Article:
Around 1961 Ian was asked by Bobby MacLeod to join his Band for the TV Show “The White Heather Club”. The compere and star was Andy Stewart and Ian recollects that amongst others that he met and befriended were Dixie Ingram, Moira Anderson, Robin Hall, Jimmie McGregor, the Brand Sisters and Jimmy Urquhart and Peter Malan. With shows starring The Corrie Folk Trio and Paddy Bell, the company travelled to and recorded two shows in Germany. These were done before an audience of troops from the Scots Greys in the Roundhouse, which had been the German Officers’ Quarters for the notorious Belsen Concentration Camp. By this time Belsen village had been renamed Hohne. Ian and several others were taken to the immaculately kept cemetery, located on the actual site of the camp. The fiddler, Alex “Pibroch” McKenzie had been one of the first of the British troops to enter and liberate the horror camp at the end of the War. Ian said, “A very moving and unforgettable experience.”
In 1961 Ian and Margaret’s daughter Rhona was born and in 1963 their second daughter Mhorag was born.
The Rankine Band made several recordings for EMI with producer George Martin, who later gained great fame with The Beatles. One of the tracks was Ian’s Scottish Waltz, which was one of the several sets arranged for the band by Ian.
In 1962 Ian started his own Band and their first (live) broadcast was on 7th May from Edinburgh. A five-piece, the line up was: Ian (accordion), Kenny Wilson (fiddle) Davie Whitehead (piano), Stan Saunders (bass) and Bert Leishman (drums). After the rehearsal the Band retired to the lounge to be greeted by none other than Jimmy Shand, who was playing at Waverley Market and who had dropped in to wish them good luck. Stan Saunders was a regular member of Jimmy’s Band but he’d kindly insisted that Stan should play in Ian’s broadcast.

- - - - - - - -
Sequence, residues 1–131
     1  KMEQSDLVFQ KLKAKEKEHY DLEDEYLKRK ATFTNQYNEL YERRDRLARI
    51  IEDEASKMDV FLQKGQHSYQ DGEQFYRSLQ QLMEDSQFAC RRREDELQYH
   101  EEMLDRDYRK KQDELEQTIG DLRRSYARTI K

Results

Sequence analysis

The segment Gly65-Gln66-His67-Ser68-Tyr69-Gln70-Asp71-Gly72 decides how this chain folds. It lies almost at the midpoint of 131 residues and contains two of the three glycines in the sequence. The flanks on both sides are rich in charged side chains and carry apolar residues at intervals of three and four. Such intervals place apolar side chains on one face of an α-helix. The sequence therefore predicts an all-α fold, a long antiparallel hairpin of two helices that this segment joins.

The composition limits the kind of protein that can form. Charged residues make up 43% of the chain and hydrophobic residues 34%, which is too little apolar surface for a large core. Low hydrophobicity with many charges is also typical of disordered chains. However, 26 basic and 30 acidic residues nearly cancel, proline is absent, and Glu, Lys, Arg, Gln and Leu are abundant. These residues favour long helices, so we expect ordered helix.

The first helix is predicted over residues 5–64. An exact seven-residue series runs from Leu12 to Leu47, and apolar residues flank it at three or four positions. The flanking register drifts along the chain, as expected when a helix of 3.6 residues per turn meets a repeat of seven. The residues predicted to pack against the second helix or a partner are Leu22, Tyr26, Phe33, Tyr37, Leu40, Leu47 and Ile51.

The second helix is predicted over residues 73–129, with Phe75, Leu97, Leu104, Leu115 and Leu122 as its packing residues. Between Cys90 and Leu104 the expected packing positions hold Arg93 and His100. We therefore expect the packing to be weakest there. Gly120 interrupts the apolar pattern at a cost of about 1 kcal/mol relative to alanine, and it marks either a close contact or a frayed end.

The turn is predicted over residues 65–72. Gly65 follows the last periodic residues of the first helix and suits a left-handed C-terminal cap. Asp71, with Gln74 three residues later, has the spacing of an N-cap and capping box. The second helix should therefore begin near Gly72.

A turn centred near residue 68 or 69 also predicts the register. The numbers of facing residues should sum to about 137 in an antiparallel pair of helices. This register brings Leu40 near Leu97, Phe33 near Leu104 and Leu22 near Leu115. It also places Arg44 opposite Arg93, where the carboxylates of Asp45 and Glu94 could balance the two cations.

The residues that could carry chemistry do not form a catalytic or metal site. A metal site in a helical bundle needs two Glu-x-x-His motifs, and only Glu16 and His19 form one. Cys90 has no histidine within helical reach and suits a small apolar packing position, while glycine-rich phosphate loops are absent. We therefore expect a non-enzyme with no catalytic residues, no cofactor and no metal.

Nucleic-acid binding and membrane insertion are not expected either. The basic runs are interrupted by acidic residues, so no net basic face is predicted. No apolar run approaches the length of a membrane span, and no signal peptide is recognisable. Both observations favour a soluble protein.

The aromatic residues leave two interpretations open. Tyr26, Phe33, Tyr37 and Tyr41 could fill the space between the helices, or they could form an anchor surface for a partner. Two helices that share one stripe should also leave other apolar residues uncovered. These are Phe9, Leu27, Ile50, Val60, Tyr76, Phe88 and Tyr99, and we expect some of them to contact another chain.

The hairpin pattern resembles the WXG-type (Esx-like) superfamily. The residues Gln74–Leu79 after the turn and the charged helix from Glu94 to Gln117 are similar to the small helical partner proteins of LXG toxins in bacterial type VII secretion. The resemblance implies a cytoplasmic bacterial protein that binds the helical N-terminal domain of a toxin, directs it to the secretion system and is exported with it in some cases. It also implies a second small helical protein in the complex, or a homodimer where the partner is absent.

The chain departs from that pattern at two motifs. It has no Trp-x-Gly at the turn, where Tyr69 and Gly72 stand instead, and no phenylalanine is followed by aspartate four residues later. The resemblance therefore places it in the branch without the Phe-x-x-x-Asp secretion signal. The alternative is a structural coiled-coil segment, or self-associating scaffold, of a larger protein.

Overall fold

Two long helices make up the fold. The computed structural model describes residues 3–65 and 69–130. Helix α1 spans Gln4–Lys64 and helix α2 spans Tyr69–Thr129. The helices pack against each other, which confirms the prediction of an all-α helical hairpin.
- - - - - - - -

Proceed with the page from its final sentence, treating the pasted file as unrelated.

In 1963 the Band’s first LP, Let’s have a Party, was issued. This was the first Scottish Dance Band to record a Quickstep and there was also another first, for Ian insisted that the names of the band members should be listed on the sleeve.
Around 1968 Ian’s Band performed the pilot shows for The White Heather Show at several locations across the country.
In the mid 1960s, Ian was asked by Bobby MacLeod to go to the Decca Studios in London’s West Hampstead to record two LPs. On fiddle, incidentally, was Syd Chambers.
In 1970 Ian and Margaret decided to return to Dumfries. After the hustle and bustle of the 60s Ian had hoped to lead a quieter life, but with Bobby McNeillie now on second accordion, the Band was in even greater demand and busier than ever, with long distances to travel. The line-up in the Halls was: Ian and Bobby (accordionists), Kenny Wilson (fiddle) and Gordon Young on drums. Ian explained, “Sometimes it was hard work, but always enjoyable, for Bobby McNeillie had the ability to memorise and play second accordion arrangements, which added a broad dimension to the music.” For broadcasts and recordings the band was augmented by Bill Henry on piano and Stan Saunders on bass.
In 1971 Ian was made redundant and after six weeks on the dole seeking employment, he accepted a job in a local music shop, later becoming a partner. This continued until 1973 when the owner decided to retire and Ian was asked to remain as manager by the new proprietor. After some deliberation, Ian decided to start his own business and he and Margaret acquired premises. Ian and Margaret remain grateful for the help and support they received from Mickie Ainsworth and Bill Wilkie in the early years. The business continued for twenty-seven years, until he and Margaret retired in 2000.